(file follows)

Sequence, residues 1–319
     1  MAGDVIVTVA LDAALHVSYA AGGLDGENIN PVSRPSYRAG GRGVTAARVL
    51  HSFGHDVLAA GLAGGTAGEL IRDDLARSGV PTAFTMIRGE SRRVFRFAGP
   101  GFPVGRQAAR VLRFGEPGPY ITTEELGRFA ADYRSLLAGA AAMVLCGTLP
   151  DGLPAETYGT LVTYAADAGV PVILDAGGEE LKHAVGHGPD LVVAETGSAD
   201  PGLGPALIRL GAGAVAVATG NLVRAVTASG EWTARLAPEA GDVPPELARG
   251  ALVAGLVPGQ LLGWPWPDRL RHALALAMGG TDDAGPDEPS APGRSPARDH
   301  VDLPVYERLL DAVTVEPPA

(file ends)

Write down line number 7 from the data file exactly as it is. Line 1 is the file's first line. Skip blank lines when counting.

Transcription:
   251  ALVAGLVPGQ LLGWPWPDRL RHALALAMGG TDDAGPDEPS APGRSPARDH